Sometimes it is so hard to be a parent.
You read all the books, absorbing all the wisdom, and they still won’t sleep through the night.
You hold their hand and teach them to use their words, and still they turn into biters with vampire-like refluxes every time they get upset at daycare.
You explain wants versus needs, yet they still end up flailing on the floor of Target because they “need” that toy.
You set boundaries and they push limits, breaking their arm jumping off a shed.
You teach them right and wrong and have consequences, and yet they still end up at the party and break curfew.
At every stage of raising these little people, we feel failure as parents. We wonder where we went wrong. We wonder how we ended up in this place. And in all this questioning and self-doubt, we forget that we are all human --- no matter what our age.
We all have good days and bad days, the moments where we feel like following the norm and the moments where we need to rebel. We all have moments where we succeed and moments where we fall short.
The times where I have felt like the best parent are not the times where my kid brought home straight A’s, scored the winning points, or was voted most popular. The times where I know I am doing these kids justice are the times when it feels the hardest.
… when my sister died and they snuggled up next to me asking the hard questions that I tried my best to answer.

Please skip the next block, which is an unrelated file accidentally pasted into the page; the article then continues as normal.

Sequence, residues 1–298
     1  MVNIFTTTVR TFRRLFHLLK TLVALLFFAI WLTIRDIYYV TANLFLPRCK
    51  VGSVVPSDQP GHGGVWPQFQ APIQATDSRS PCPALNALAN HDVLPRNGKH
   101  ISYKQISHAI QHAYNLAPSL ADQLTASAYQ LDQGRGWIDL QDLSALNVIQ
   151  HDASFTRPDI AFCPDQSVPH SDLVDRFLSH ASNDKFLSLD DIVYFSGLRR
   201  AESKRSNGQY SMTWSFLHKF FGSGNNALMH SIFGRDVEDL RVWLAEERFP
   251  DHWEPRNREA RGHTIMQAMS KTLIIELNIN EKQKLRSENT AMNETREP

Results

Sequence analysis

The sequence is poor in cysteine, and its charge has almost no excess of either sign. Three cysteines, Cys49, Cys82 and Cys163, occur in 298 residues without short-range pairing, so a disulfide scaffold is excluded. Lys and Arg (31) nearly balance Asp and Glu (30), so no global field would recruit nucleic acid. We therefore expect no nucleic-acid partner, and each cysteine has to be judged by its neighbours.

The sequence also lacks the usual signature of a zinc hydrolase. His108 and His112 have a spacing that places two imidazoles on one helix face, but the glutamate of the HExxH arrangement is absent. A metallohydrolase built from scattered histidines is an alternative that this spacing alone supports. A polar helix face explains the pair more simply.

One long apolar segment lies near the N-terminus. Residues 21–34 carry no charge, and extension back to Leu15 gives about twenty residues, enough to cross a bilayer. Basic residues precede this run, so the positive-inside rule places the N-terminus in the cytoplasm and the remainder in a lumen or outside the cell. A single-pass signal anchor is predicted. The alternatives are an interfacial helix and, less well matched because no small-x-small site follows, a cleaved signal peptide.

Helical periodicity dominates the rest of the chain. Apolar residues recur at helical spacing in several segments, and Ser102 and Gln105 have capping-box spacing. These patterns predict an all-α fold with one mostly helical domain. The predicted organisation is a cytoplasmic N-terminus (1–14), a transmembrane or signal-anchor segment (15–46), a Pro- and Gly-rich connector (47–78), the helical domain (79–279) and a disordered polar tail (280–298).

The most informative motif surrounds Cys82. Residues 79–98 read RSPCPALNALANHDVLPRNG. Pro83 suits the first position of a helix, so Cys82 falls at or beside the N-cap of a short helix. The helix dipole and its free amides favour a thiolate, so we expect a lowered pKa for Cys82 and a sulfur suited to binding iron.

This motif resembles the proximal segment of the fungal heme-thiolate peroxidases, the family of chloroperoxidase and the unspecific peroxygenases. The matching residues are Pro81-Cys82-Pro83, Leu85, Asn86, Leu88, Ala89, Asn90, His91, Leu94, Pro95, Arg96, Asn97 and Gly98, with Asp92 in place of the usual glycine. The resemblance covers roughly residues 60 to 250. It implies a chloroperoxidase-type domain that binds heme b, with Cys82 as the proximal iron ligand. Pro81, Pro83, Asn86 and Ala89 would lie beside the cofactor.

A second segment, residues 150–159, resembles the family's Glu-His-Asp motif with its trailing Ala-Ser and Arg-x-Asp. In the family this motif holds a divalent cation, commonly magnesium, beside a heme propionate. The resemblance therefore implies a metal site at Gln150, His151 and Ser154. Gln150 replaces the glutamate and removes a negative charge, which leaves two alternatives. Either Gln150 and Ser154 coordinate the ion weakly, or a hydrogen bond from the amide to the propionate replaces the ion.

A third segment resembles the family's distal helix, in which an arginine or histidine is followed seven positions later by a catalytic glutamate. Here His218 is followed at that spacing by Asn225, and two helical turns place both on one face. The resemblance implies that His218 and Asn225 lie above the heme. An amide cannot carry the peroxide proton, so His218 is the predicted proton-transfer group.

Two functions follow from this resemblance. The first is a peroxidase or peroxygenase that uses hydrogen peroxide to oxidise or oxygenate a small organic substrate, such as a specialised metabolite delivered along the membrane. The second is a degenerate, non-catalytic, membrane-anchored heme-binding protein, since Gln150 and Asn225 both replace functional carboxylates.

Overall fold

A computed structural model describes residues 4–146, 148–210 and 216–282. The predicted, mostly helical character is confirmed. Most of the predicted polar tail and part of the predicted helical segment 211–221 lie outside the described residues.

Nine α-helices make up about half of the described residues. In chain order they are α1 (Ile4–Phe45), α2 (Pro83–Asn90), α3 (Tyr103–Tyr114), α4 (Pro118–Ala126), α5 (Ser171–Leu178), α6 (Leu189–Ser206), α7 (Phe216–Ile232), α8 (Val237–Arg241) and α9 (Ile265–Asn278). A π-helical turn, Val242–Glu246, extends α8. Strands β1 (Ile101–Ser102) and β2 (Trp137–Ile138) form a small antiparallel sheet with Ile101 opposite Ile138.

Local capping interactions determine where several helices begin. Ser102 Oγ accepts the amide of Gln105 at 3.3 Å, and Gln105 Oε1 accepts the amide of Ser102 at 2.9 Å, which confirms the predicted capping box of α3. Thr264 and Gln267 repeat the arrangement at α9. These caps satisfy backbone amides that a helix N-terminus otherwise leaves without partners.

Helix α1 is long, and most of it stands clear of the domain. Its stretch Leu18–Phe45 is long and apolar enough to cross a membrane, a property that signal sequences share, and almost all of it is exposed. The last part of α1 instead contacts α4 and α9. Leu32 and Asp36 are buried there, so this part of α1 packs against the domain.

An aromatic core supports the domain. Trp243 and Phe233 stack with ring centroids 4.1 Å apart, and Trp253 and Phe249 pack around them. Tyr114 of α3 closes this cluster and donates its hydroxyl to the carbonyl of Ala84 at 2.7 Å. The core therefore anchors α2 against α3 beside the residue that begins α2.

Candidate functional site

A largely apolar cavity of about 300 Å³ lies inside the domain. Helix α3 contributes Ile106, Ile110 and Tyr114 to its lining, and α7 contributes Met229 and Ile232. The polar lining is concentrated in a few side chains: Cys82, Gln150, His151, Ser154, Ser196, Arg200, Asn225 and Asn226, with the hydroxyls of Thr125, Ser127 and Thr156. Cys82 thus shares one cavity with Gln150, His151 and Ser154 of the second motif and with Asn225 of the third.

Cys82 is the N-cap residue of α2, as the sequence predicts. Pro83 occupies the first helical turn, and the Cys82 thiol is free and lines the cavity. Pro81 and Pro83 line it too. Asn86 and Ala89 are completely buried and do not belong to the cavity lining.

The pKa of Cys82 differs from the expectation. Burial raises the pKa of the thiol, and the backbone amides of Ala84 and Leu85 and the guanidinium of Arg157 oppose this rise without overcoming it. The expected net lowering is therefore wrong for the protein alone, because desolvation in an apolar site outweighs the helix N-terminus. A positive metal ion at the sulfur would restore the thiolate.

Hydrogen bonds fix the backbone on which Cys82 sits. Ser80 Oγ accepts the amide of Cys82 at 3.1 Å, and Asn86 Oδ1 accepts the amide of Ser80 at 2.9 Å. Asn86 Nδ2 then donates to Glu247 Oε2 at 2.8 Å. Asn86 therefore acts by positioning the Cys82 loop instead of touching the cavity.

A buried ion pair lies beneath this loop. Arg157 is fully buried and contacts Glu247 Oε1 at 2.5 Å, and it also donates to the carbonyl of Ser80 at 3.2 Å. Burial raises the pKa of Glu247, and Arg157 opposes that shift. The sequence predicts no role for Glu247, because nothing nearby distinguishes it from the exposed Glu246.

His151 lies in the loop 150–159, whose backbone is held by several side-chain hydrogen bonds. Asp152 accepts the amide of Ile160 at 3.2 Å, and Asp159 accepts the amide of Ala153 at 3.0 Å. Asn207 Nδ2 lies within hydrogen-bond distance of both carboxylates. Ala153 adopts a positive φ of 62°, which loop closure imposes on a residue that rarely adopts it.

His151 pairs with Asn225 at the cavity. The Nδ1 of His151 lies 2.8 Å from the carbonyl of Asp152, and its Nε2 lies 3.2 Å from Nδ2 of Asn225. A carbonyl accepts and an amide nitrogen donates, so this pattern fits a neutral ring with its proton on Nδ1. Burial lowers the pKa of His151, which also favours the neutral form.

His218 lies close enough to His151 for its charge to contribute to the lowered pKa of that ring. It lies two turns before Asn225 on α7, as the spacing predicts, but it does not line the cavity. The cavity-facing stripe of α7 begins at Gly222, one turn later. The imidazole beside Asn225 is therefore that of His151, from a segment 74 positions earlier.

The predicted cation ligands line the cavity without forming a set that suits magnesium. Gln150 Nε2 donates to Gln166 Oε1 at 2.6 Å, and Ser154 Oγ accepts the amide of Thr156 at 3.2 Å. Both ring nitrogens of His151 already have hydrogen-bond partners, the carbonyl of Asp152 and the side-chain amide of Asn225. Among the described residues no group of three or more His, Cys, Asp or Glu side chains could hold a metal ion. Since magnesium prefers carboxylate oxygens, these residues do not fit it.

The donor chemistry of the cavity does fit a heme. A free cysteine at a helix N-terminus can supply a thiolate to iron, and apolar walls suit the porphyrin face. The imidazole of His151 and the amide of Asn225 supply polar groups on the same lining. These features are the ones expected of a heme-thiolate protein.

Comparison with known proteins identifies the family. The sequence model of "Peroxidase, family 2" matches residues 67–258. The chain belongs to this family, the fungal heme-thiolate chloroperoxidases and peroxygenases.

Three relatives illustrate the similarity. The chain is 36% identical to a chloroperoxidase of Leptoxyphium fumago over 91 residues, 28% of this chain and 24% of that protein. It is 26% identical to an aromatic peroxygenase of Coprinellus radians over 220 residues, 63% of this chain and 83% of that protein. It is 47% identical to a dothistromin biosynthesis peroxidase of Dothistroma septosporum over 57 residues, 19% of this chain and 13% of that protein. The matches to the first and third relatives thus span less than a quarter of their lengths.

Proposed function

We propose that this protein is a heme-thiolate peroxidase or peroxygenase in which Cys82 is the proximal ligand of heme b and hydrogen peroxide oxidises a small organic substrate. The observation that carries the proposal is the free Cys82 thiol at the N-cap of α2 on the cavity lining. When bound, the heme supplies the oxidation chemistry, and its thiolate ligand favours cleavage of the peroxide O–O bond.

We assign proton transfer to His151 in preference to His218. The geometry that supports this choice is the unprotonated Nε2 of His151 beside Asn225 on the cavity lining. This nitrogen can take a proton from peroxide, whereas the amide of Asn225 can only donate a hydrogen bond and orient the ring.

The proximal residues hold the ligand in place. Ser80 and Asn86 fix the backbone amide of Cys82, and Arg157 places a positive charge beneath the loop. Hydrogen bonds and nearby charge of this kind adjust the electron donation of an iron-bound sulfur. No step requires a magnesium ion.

... when they were hurt or sick and needed extra kisses and someone to brush their hair back and they came to me for comfort and the reminder that this too shall pass.
… when they see me upset and wrap me a quiet hug to comfort me.
… when they confess and apologize for something they have done wrong, before I even realize it occurred.
… when they show grace to each other, to their friends, and even to me for being less than.
… when they stand up and do the right thing, even when it is difficult.
… when they find refuge and shelter in another trusted adult, instead of me, because I have built the right village to raise them.
These times that feel the hardest are when I am most proud of the people they are becoming – people filled with depth and grace and empathy and courage; people that can have hard conversations, forgive and make their corner of the world a better place.
I’m not looking to raise perfection, I’m just looking to raise good people. None of us have this parenting thing perfected, the best we can do is keep moving forward with faith over fear.
Hi! I'm Jessy, one of the co-owners of The Norway Center Store and co-authors of the book Faith Over Fear: Walking Angie Home. My husband Kyle and I live in an old general store, converted to residence, with our three kids, Ally, Charley and Rad and our German Shephard dog. You will usually find me with paint on my clothes creating my next repurposed piece.